Wearables – a couple of years ago the term was almost non-existent, and now we see them everywhere, from every manufacturer and for every part of our body! The trend seems to be growing at an unprecedented rate with manufacturers coming out with multiple devices and some are even waiting less than a year to upgrade their offerings. This year Samsung is putting out a new Gear, Gear 2, and Gear Fit and Sony has its SmartWatch 2, Pebble has been around, and the Moto 360 looks like a fine piece of jewelry. Android has announced its Android Wear, an Android based code designed to work using Google Now and the best thing about it is that any manufacturer can use the 'O/S' on wearables of their own design.
Consumer Electronics Show (CES) brought the developers out of the woodwork – we have wearables for your finger to monitor blood pressure and blood oxygen, vest-like monitors you wear to monitor multiple body functions, a wearable wireless ambulatory ECG to monitor your heart, wearable bras and even socks! There is now a wearable for just about every part of your body. All of these devices need a 'brain,' or SoC and they all need to run on a battery. The smaller wrist or ankle-type devices are especially hard on batteries due to their size. The main problem with the new wearables is that manufacturers have been trying to retrofit microprocessors and microcontrollers developed for smartphones that need a lot of battery power – often only lasting 24-36 hours.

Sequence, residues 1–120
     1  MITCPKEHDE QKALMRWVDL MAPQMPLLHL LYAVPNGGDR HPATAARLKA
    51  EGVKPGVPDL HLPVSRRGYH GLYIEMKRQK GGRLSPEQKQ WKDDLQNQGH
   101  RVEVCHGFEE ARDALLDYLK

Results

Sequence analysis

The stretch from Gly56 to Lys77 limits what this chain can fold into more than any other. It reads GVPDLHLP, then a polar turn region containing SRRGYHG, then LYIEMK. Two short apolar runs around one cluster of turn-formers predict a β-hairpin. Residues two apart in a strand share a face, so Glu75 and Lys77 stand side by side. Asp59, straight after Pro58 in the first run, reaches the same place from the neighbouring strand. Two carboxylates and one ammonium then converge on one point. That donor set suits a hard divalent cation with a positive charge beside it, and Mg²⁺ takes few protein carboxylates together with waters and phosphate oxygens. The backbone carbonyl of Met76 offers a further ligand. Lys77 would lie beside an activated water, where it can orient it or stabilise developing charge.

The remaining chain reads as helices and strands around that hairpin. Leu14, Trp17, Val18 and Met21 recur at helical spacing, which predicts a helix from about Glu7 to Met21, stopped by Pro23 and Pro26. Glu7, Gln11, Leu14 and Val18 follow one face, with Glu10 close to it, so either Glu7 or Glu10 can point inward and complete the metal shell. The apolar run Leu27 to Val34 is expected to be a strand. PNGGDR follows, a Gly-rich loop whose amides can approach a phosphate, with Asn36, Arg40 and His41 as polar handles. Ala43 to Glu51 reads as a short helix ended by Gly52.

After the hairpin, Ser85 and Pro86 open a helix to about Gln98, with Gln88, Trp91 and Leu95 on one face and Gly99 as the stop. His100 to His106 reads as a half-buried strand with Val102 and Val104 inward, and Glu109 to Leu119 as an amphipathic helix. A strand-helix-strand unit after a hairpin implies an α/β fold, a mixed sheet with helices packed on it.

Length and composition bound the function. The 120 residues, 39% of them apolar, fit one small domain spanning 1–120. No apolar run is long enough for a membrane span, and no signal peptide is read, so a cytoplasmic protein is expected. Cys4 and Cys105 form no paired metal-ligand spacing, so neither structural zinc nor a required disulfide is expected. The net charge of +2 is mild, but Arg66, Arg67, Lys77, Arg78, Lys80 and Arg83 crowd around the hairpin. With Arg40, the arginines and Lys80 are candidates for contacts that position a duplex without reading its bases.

Ineda Systems in Santa Clara, CA, formed in 2010, just announced that an investors group, including both Samsung and Qualcomm, have just agreed to fund them $17 million. They are the designer and developer of the industry's first Wearable Processor Unit – Dhanush WPUâ„¢. It is a low-power, high-performance SoC targeting the emerging wearable technology market and designed to reduce power needs by 10 times over today's computer-based chips and enables: 30 day+ battery life – a Sleek Design – they are always Connected – always-on Speech Recognition – always-on Sensor Analysis – and always-on Contextual Computing.
The Dhanush WPU has four product tiers – Advanced, Optima, Micro and Nano – and each chip is designed for specific applications. The chips are based on its Hierarchical Computing Architecture, which is a tiered multi-CPU design. The different CPUs can each be run individually or work together at their specifically assigned tasks, and according to the company, they plan on having them available later this year.
This should create a dynamic change in the way we use wearables in the near future – 30 days on one charge…I think we could all get used to that battery life.